How does this apply to D&D and gaming? It is certainly not all altruism, though to be fair most people who worked at WotC by the ‘90s had grown up playing the original TSR D&D or one of the rival companies’ games. WotC had spent a lot of money on its purchase and debt repayment of TSR and now they were about to launch a new system of mechanics: d20 with a system of business – the OGL. It took some convincing but eventually, as Dancy put it,
the more money other companies spend on their games, the more D&D sales are eventually made. Now, there are clearly issues of efficiency — not every dollar input to the market results in a dollar output in D&D sales; and there is a substantial time lag between input and output; and a certain amount of people are diverted from D&D to other games never to return. However, we believe very strongly that the net effect of the competition in the RPG genre is positive for D&D (2002).
However, if, as Dancy said, “The problem is not competitive >product<, the problem is competitive >systems<. I am very much for competition and for a lot of interesting and cool products” (Dancy, 2002). the question was whether the would homogenize the gaming systems by releasing the d20. Adorno and Horkheimer warn that “anyone who doubts the power of monotony [sameness] is a fool,” (A&H 1944, 148) yet Dancy’s gamble paid off. In the early 2000s D&D, and gaming, did indeed flourish under the new OGL both in ways of new products for players and sales for WotC.
In his book, An Introduction to Theories of Popular Culture, Dominic Strinati argues the skepticism of the Frankfurt school, saying, “culture has to be mass produced for [the mass] audience to be profitable” (1995, 12). It became undoubtedly profitable. There new companies and products all flooding to the OGL. In fact, for those first few years I would say it was very difficult to find a new game that was not using the d20 system. WotC also began to outsource projects to other companies to help lower their own costs. For example, publishing of the aforementioned lucrative Dragon Magazine had been sold to Paizo Publishing.
Then something changed.
What exactly happened in the upper echelon of WotC circa 2007 is still not discussed. Perhaps it was a precursor to the economic crash that was going to hit in 2008. Perhaps it was the gaming version of the problem that ended Fordism – over production and the lack of a consumer market. Maybe it was a management shift in Hasbro or WotC that just did not like to share the products anymore. Regardless of the reasons in 2007, the licensing for Dragon Magazine was up and WotC ended the contract with Paizo announcing that they were moving online, and more importantly that D&D was walking away from their own OGL. The following year WotC released its fourth edition under a new and more restrictive license. The idea was to release a system that was easier to learn and faster to play. It failed expectations. The game came out to mediocre reviews and a fanbase that felt betrayed by its loss of the OGL and a system change drastic enough to make game feel like a computer game at the table rather than what it was meant to be.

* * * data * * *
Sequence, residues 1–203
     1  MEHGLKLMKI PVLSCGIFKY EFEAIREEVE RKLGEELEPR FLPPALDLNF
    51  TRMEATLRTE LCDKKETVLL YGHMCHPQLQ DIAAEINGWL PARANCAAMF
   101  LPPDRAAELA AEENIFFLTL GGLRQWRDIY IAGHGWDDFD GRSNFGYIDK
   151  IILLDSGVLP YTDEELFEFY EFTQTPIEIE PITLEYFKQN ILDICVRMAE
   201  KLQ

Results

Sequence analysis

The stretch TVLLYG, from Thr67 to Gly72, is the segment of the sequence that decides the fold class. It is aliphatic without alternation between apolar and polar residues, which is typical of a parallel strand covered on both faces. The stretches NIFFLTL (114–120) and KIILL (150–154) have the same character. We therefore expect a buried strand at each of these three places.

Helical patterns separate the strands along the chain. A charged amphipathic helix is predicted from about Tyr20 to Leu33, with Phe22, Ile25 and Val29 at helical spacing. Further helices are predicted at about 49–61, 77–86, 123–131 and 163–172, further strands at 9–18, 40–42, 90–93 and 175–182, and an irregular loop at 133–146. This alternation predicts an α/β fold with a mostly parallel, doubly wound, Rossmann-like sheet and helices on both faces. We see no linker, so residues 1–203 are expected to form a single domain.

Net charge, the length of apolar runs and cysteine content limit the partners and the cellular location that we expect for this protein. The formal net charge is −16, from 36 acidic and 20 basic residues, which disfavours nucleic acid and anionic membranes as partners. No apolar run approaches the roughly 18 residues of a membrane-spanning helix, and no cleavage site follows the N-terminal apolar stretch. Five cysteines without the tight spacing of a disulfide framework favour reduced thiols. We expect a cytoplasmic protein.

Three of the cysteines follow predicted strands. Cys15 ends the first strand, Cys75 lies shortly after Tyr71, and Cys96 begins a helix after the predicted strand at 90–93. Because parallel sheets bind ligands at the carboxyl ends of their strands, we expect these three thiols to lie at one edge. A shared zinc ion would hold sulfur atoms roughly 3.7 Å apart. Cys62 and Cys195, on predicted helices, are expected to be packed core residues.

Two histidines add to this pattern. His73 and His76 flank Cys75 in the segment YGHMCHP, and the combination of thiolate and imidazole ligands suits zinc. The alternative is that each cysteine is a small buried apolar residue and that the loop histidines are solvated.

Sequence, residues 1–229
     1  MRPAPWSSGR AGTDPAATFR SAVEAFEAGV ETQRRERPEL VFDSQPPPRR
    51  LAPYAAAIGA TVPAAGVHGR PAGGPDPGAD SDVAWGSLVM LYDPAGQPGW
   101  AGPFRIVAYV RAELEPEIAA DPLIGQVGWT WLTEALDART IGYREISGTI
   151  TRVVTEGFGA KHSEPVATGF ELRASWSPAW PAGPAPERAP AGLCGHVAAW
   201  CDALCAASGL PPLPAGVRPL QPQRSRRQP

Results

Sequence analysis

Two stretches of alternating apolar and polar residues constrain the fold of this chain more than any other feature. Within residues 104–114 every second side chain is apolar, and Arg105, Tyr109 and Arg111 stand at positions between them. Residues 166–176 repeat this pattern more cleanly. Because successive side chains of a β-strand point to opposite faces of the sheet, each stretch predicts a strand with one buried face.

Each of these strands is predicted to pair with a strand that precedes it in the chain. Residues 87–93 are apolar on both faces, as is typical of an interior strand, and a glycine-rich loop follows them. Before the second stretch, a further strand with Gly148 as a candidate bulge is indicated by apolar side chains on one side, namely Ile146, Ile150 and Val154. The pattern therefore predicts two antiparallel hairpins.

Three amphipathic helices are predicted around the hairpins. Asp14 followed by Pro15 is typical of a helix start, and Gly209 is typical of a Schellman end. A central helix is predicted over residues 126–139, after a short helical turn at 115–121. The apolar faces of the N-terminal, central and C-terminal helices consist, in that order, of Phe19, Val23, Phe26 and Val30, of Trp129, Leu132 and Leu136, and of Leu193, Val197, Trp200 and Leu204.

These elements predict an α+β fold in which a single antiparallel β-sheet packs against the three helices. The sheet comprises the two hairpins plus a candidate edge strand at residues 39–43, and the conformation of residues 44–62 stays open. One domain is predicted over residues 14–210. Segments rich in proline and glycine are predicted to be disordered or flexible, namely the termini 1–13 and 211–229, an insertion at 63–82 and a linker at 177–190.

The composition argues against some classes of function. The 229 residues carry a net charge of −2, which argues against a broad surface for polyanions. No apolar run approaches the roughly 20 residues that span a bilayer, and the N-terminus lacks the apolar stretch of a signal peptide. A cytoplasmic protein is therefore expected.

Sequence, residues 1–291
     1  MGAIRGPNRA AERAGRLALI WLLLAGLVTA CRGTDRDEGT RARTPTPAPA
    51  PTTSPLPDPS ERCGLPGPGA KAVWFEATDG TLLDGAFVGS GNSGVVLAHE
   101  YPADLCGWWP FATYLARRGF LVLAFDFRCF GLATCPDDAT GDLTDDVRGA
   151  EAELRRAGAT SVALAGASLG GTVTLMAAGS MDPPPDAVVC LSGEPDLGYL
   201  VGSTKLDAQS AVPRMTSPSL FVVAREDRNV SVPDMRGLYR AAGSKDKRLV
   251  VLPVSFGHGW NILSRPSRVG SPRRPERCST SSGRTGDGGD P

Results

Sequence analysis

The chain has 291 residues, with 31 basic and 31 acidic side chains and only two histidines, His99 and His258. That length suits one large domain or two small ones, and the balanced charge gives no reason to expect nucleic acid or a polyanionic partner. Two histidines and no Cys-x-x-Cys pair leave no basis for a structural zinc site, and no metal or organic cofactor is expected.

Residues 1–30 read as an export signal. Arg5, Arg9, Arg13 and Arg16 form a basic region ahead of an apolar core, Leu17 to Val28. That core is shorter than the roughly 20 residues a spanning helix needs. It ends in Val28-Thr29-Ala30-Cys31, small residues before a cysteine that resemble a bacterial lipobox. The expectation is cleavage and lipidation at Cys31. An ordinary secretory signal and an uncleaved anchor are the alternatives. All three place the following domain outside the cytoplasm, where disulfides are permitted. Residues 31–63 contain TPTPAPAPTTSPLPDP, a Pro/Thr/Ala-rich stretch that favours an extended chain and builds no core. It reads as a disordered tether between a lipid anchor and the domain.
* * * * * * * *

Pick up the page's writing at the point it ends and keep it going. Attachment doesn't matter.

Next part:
Greg Gillespie and Darren Crouse put it best when they said, “The rules-heavy approach to character generation and game mechanics in later editions slows gameplay, focuses on the notion of character builds and encourages min-maxing. The broader the perceived gap between the past and contemporary editions of the game, the greater the nostalgic yearning for products” (2012, 462).
While sales were not devastating to the company, and the system did allow for ease of introduction to new players – I personally introduced many new players to D&D using 4th ed., it did not perform nearly as well as predicted. In the space of only four years, 2008-2012, the fourth edition line ended and WotC went to work playtesting a new edition.
This 4-year period was a mini revival for systems that wanted to also come out from the d20 OGL. Paizo would become a great challenger to WotC, maintaining the OGL for all third edition D&D products, and began producing Pathfinder as a system that would remain in the OGL and would create new worlds. Paizo would even go so far as to create the Pathfinder League, a group of gamers to challenge the RPGA, which had been left behind by the new Wizards Player Network.
Starting in 2012 there has been a renaissance in Tabletop RPGs, new companies sprang into action to produce new games and systems players that were not owned or controlled by WotC. Companies like Fantasy Flight Games would put out a new Star Wars game that would present a whole new system of narrative gaming. Monte Cook began work on his Numenera Kickstarter that would get half a million dollars to create a new game. Paizo and Pathfinder would keep the fans of the OGL edition, creating a fiercely loyal fan base. Not to mention the different games & supplements that have come out in recent years from Modiphious Games, Green Ronin (pronounced ro-NEEN) Publishing, Kobold Press, and all the indie games that show up on KickStarter. Its a great time to be a gamer.
WotC reorganized in 2012 and did something radical. It went to the fans and created a massive playtest called D&D Next. For 2 years there was constant system testing. Very few announcements were made. It seemed they wanted to get the game right, and perhaps win back some of the fans that had been lost to other lines.